Evidence and counterevidence in motion perception

Jacob Duijnhouwer, Bart Krekelberg

Research output: Contribution to journalArticlepeer-review

6 Scopus citations


Sensory neurons gather evidence in favor of the specific stimuli to which they are tuned, but they could improve their sensitivity by also taking counterevidence into account. The Bours-Lankheet model for motion detection uses counterevidence that relies on a specific combination of the ON and OFF channels in the early visual system. Specifically, the model detects pairs of flashes that occur separated in space and time. If the flashes have the same contrast polarity, they are interpreted as evidence in favor of the corresponding motion. But if they have opposite contrasts, they are interpreted as evidence against it. This mechanism provides an explanation for reverse-phi (the perceived reversal of an apparent motion stimulus due to periodic contrastinversions) that is a conceptual departure from the standard explanations of the effect. Here, we investigate this counterevidence mechanism by measuring directional tuning curves of neurons in the primary visual and middle temporal cortex areas of awake, behaving macaques using constant-contrast and inverting-contrast moving dot stimuli. Our electrophysiological data support the Bours-Lankheet model and suggest that the counterevidence computation occurs at an early stage of neural processing not captured by the standard models.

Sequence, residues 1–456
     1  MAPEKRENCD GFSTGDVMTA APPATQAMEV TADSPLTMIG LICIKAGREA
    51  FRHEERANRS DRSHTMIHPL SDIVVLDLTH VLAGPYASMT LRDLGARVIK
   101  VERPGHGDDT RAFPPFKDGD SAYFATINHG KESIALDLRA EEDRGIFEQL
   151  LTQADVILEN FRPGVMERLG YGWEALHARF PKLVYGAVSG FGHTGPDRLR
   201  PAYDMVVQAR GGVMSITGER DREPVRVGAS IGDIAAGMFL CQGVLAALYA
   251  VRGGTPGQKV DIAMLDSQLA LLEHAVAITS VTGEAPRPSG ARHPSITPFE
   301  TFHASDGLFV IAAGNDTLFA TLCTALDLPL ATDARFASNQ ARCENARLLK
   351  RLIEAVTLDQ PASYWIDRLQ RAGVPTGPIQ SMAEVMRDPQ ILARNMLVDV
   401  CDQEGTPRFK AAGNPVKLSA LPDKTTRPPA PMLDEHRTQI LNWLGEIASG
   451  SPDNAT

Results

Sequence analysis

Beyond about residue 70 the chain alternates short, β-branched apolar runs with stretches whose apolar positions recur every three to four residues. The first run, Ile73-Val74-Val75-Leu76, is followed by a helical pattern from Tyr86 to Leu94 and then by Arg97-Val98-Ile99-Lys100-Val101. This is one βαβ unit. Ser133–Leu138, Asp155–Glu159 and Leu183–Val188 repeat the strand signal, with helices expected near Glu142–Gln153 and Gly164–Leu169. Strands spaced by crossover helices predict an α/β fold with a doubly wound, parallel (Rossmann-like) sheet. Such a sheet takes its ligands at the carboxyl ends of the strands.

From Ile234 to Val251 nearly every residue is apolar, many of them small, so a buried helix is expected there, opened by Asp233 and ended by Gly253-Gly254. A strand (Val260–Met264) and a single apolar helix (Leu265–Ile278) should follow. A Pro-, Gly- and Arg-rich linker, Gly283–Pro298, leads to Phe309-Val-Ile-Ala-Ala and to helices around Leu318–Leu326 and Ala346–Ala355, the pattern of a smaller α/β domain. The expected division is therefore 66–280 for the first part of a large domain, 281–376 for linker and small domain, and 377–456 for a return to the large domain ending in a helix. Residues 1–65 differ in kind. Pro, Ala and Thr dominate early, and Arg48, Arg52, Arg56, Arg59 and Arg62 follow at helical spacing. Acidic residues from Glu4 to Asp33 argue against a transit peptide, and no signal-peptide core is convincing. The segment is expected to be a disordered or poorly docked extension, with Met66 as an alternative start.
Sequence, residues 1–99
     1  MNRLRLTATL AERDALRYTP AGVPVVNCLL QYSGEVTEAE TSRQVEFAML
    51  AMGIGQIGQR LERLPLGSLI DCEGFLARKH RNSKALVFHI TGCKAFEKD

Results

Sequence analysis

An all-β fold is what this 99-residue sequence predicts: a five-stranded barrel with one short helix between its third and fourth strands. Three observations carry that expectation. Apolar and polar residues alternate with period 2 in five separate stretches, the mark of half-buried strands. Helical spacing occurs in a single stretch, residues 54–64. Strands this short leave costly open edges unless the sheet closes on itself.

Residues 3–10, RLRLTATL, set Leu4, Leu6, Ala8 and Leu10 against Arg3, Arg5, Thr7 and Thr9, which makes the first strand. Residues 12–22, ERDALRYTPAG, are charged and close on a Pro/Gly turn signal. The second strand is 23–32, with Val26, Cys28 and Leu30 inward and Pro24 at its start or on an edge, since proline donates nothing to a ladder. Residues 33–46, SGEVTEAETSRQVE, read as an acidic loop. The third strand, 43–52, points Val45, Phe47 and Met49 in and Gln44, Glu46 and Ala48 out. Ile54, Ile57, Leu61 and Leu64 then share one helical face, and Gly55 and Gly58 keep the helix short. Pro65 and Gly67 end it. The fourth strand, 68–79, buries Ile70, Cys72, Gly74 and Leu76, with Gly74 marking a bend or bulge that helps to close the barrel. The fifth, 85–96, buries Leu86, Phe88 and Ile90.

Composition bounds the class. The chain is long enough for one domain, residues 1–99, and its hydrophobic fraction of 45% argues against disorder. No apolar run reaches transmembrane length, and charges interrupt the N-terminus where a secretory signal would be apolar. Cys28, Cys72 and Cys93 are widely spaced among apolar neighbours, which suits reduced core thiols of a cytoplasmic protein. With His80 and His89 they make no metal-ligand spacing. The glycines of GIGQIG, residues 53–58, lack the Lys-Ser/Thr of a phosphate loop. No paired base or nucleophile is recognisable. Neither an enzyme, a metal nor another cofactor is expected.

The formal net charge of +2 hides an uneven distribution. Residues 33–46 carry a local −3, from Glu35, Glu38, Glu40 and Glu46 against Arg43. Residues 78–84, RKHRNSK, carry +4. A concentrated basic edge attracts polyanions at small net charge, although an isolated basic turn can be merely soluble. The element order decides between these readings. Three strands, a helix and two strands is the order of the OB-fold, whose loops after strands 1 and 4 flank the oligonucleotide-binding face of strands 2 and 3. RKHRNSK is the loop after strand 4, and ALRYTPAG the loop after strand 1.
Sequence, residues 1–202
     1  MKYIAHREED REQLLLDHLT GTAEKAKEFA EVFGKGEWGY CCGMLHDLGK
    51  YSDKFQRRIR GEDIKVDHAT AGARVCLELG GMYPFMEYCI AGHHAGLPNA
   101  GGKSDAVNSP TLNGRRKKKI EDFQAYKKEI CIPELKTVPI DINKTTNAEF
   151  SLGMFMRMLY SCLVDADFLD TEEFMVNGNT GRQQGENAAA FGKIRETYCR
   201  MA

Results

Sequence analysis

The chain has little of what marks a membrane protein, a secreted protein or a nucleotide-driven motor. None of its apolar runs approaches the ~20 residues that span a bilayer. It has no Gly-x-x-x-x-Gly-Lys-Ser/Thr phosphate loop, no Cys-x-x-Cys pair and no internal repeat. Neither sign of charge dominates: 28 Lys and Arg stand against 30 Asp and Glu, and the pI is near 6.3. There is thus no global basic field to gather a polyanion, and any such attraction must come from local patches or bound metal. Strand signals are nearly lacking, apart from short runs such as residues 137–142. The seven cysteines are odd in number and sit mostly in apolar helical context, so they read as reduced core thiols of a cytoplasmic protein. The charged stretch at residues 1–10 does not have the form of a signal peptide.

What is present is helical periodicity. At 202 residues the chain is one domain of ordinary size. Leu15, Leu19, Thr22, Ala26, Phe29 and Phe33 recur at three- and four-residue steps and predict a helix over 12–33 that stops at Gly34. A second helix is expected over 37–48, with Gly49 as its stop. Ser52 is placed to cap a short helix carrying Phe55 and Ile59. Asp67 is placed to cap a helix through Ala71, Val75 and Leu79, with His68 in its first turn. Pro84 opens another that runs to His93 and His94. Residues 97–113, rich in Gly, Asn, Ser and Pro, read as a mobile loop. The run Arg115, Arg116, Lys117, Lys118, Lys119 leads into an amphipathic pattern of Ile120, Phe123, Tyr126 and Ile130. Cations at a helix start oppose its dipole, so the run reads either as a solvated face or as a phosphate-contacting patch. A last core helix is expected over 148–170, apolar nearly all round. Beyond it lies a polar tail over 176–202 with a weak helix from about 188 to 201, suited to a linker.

Original languageEnglish (US)
Pages (from-to)4602-4612
Number of pages11
JournalCerebral Cortex
Issue number12
StatePublished - Dec 2016

All Science Journal Classification (ASJC) codes

  • Cognitive Neuroscience
  • Cellular and Molecular Neuroscience


  • Middle temporal cortex
  • Motion perception
  • Primary visual cortex
  • Reverse-phi motion
  • Single-unit recording


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